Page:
Louisiana Senator Bill Cassidy's constituents packed emotionally charged town hall meetings across the state during Congress’ February break, a trend seen in other meetings with lawmakers around...
This article originally appeared on iPolitics.
The man sitting at the head of the table has a face that should be on money.
It is calm, etched with wrinkle lines of infinite patience, utterly immune to honeyed words. Grand Chief Stewart Phillip has heard more vows than the parsons in Reno’s drive-thru wedding chapels — most of them destined to be broken by the politicians who made them. Yet behind the softness, the weary eyes suggest something else. These are undefeated eyes.
I am in the downtown Vancouver boardroom of the Union of British Columbia Indian Chiefs and the gentle voice is saying some very tough things.
“My wife and I were scheduled to march in the Chinese New Year’s parade in Vancouver, until we found out that Trudeau was going to be there,” he says. “No way was I going to meet him unless I was on one side of the barrier, and he was on the other.”
When Donald Trump held his first news conference this month following his election as U.S. president, observers worldwide decried his shameless attack on the media and his critics.
In an onslaught against the press, Trump labelled CNN “terrible” and “fake news,” lambasted the digital-media powerhouse BuzzFeed as a “failing pile of garbage,” then turned his sights on the BBC, calling the news outlet, “another beauty,” and refusing to answer a reporter’s questions.
Could something similar ever happen in Canada? You bet it could.
In B.C., a slightly abridged version of Trump’s scorched-earth offensive against the media and his critics is already underway, led by BC Hydro, with disquieting consequences for the principles of freedom of expression and freedom of the press.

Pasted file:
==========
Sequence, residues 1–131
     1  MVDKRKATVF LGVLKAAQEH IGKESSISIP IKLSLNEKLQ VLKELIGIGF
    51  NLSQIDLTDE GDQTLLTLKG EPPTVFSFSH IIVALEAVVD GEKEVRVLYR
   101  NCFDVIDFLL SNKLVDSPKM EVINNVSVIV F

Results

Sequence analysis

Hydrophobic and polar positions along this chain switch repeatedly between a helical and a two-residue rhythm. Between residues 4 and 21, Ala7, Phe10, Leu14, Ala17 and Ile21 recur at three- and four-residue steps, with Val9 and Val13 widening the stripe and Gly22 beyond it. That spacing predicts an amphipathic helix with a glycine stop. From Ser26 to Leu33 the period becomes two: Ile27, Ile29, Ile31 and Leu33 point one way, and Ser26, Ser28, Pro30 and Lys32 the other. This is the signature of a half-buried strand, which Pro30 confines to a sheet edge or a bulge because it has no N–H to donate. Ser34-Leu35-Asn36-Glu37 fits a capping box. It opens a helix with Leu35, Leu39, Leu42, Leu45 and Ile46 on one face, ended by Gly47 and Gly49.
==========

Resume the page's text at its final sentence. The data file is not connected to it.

Two rejections by the federal government have not deterred a Vancouver mining company from again heading to court in an effort to quash Ottawa’s decision to turn down a proposal for an open-pit copper and gold mine in an area where the Tsilhqot’in Nation has established aboriginal rights.
Taseko Mines Ltd. is appearing in Federal Court in Vancouver this week to launch a constitutional challenge to the Canadian Environmental Assessment Act and ask for a judicial review of the federal government’s decision to reject the proposed $1.5-billion New Prosperity Mine, 125 kilometres southwest of Williams Lake.
Despite the project gaining provincial approval in 2010, the federal government turned down the proposal in 2010 and 2014, saying there would be severe environmental damage and immitigable adverse effects on Tsilhqot’in culture, heritage and aboriginal rights.
Fast-tracking Site C dam construction before May’s provincial election is an unusual decision driven more by politics than need, according to a Canadian expert in Crown corporations who suggests the relationship between BC Hydro and the Premier’s office may be “too close for comfort.”
Luc Bernier, the former head of the Institute of Public Administration of Canada, said Premier Christy Clark’s vow to push Site C past the “point of no return,” when B.C. has a surplus of electricity and Clark is still searching for a buyer for Site C’s power, leads him to believe that that “there’s too much politics around BC Hydro.”
“What seems unusual to me is the idea of locking up this project before the provincial election,” said Bernier, who holds the Jarislowsky Chair in Public Sector Management at the University of Ottawa.
“If B.C. doesn’t need the electricity for the next decade or so there’s no emergency to build it…The only emergency in this project is the coming election.”